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Nucleases

Ribonucleases In Rna Maturation And Degradation

The expression of genes into protein products requires the generation of a messenger RNA (mRNA) by transcription and the subsequent translation of the mRNA into protein. In bacteria, the mRNA is transcribed, translated, and then degraded by ribonucleases in rapid succession. Thus, the ribonucleases are primarily responsible for mRNA degradation in bacteria. In animal cells, RNA molecules are transcribed as precursors that require processing by ribonucleases to generate functional RNAs. This RNA maturation process requires cleavage by endonucleases and trimming by exonucleases. After the mRNA is translated into protein it is degraded by additional ribonucleases.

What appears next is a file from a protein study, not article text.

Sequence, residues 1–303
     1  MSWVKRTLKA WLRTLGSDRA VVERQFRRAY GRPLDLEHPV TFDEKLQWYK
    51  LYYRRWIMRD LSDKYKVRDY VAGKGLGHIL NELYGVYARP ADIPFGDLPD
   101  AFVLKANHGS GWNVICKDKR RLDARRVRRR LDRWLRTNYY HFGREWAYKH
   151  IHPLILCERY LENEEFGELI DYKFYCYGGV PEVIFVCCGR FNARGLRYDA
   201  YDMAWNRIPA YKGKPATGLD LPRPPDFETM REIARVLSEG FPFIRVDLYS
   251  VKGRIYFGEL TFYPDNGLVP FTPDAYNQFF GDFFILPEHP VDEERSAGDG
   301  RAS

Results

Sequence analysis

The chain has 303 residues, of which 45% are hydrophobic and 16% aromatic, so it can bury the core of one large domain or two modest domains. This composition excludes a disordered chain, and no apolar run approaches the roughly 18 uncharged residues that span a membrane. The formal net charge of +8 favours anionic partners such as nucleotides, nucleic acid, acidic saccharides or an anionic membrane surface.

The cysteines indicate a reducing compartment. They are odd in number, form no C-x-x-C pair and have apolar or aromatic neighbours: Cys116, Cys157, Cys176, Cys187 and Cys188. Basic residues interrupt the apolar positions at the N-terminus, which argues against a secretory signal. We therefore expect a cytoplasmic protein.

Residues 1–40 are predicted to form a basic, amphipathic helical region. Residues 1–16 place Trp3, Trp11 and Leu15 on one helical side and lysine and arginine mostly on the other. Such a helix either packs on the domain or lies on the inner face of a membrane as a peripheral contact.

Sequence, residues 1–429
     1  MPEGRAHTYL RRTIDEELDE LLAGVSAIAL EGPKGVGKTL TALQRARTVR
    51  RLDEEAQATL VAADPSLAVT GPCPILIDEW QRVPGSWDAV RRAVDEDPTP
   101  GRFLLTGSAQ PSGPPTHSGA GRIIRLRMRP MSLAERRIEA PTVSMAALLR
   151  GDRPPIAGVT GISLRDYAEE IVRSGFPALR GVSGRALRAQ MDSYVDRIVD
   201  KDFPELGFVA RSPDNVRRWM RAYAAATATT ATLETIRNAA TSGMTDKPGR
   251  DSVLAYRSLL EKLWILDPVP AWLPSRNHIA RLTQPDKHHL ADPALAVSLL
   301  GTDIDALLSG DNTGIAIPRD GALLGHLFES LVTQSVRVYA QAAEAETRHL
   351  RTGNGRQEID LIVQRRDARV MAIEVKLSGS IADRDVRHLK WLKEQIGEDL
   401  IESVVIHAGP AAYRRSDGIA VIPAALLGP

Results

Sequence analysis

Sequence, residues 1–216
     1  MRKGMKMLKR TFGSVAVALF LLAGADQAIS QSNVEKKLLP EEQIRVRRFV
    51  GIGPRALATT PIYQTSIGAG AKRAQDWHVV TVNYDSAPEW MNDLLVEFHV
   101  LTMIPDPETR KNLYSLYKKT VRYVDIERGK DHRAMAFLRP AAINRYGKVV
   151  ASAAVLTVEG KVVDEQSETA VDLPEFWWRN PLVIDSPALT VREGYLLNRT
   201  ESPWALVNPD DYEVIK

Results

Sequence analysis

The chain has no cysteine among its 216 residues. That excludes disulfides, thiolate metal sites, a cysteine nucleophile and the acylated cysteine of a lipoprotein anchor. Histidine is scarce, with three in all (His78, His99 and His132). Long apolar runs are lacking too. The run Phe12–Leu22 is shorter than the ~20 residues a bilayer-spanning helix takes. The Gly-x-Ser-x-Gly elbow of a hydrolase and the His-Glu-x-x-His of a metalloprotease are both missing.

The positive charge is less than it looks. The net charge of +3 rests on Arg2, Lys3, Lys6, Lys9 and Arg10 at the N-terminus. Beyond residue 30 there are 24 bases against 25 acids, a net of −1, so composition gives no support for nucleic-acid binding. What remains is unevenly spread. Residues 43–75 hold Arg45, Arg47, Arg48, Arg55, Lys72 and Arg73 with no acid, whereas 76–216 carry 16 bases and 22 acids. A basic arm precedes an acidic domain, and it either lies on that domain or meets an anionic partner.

Fred Perrino

Bibliography

Gerlt, John A. "Mechanistic Principles of Enzyme-Catalyzed Cleavage of Phosphodiester Bonds." In Nucleases, 2nd ed., Stuart M. Linn, R. Stephen Lloyd, and Richard J. Roberts, eds. Cold Spring Harbor, NY: Cold Spring Harbor Laboratory Press, 1993.

Inhalation of recombinant human DNA endonuclease breaks up sticky airway secretions in cystic fibrosis.

Additional topics

Medicine EncyclopediaGenetics in Medicine - Part 3Nucleases - The Nuclease Mechanism, Deoxyribonucleases In Dna Replication And Repair, Ribonucleases In Rna Maturation And Degradation